Thoughts on ELT, English and whatever else comes into my head
Question: In how many countries do you think this title would hinder sales in the EFL market?
Too many to get it commissioned as a Graded Reader, unfortunately.
OK, so titles can easily be changed, though it’s a pity for such a good one.
How about this question … which elements of this story do you think would bar it from being commissioned? (**Answers at the bottom)
A girl, escaping from school bullies, runs into a portal that takes her back in time to the days of King Arthur just before he pulls the sword from the stone. She ends up pulling it from the stone herself. As a girl, she can’t be King so she disguises herself as a boy and the real Arthur has to be her servant. He is dismissive of her because she’s a girl and she can’t stand his arrogance. In the end, they both learn from each other, become better people and each returns to their true role/time.
I’ve left out a lot of details that give away plot, though I have the synopsis fleshed out. With no way to sell it as a Reader, it has me thinking about what to do with it instead because I am convinced it’s a great story. Options I have thought of so far:
What do you think would be the best idea? Or do you have other suggestions?
I wrote the outline for Queen Arthur, like with Rain, rain, go away (just about to come out with Black Cat) to a story structure that means the right plot highs and lows are guaranteed. This kind of structure ensures you have a change in fortunes at the beginning, conflict and a satisfying resolution. I think inspiration can only go so far. That’s what gives you characters and a What if…? idea for the story but without a structure, the middle can drop out and the ending doesn’t tie things up properly. The one I use is the work of Nigel Watts, more detail here, and goes like this:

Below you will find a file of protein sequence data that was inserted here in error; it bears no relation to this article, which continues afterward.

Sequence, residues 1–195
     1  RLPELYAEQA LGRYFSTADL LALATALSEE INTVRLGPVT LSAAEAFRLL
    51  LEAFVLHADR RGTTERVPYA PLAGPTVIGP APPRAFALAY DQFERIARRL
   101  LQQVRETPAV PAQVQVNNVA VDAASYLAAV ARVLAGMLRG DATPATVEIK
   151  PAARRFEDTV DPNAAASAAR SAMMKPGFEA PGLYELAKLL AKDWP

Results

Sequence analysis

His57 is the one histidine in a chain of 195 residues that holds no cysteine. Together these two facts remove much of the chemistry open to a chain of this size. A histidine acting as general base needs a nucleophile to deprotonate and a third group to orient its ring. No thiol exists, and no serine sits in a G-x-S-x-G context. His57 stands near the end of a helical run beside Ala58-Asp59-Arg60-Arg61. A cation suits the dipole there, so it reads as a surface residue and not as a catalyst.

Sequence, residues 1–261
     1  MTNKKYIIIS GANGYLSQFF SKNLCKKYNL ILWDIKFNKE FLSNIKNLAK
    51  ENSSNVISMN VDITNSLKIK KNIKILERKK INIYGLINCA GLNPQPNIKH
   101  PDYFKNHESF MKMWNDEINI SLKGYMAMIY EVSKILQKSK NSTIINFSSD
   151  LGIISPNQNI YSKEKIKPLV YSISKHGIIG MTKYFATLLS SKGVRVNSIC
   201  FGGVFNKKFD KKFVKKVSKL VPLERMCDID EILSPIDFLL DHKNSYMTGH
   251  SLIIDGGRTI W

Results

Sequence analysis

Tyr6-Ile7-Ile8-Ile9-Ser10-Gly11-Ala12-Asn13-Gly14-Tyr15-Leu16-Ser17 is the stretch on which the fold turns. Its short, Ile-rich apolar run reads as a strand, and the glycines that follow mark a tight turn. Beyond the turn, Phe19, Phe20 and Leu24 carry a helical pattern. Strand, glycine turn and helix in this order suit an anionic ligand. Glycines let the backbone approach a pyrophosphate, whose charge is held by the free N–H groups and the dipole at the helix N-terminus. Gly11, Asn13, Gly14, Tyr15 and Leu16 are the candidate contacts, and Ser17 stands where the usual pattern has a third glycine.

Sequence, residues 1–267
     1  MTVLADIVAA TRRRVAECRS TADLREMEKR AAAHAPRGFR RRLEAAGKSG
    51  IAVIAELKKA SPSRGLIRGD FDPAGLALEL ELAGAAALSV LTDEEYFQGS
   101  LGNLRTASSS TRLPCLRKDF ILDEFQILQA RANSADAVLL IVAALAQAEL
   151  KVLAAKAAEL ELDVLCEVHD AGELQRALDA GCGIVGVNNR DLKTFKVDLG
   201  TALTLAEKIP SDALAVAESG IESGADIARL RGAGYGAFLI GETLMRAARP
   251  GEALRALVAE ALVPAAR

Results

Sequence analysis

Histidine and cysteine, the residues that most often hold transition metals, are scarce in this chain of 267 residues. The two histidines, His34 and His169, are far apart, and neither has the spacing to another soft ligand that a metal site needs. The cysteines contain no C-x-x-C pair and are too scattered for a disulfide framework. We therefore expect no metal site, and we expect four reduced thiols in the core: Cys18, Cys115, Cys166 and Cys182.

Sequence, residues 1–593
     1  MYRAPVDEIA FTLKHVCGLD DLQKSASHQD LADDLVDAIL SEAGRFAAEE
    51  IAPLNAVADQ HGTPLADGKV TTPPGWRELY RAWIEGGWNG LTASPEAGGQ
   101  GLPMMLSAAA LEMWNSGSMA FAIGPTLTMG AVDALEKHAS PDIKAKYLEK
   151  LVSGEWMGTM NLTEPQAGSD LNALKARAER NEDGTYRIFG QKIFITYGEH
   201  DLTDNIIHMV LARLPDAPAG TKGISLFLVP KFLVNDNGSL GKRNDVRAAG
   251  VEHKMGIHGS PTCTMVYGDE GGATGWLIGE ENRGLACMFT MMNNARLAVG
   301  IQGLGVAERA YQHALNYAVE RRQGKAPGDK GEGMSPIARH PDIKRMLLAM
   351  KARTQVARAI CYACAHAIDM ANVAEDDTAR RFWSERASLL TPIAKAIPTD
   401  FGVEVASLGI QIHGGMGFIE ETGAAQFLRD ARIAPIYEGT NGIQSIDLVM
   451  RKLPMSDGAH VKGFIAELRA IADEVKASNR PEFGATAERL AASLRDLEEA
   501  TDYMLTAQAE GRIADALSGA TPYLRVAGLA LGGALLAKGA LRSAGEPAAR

I didn’t know about it when I was writing my two previously published readers but it is interesting to see that a story that works fits these stages — which is why it works and not just a coincidence!
The Tomorrow Mirror fits the stages like this: SPOILER ALERT 🙂
The structure is useful for EFL lessons with a creative writing bent as you could set students books to read, whether Graded Readers, regular books or even books in their own language and get them to analyse the story according to the points above. Films should also work this way. They can do the analysis as a collaborative task as pinning the elements to the story events can be quite tricky and open to interpretation. I always struggle a bit with surprise through to critical choice and climax.
Next step could be writing stories using the structure. I remember being set story writing tasks at school with no safety net like a structure and it was literally “Write a story today …go!” with maybe “Here’s the first line” (as the Cambridge exams are so guilty of). It’s nearly impossible to come up with something good just like that. Free-writing is one thing, and might lead to the inspiration for a story, but a complete story is quite another, very challenging task — even in your own language! You could do this as a project over several lessons, spending introductory sessions on character and setting etc. first rather than going in cold. Your students might well surprise you, and themselves. After all, isn’t everyone meant to have a book in them?
** Bullying is not thought to be a good topic. I was totally blindsided there. I would have thought overcoming the bullies, which is what she does, would be very relatable. I see it has to be handled sensitively in class discussions as students could be in the room with their bully, but I think this would not be a problem in mainstream education. Indeed, it’s a topic that needs discussing in school and outside it.
The “girls are rubbish” attitude of Arthur. I am not sure if this is because, in the Middle East, the fact girls are treated as second class citizens means that a story which empowers girls is not going to be welcome by the education boards. Or maybe the reason is that it is not fair on the girls to make them think there is another way for society to run because they might not get that chance. I never saw this one coming either.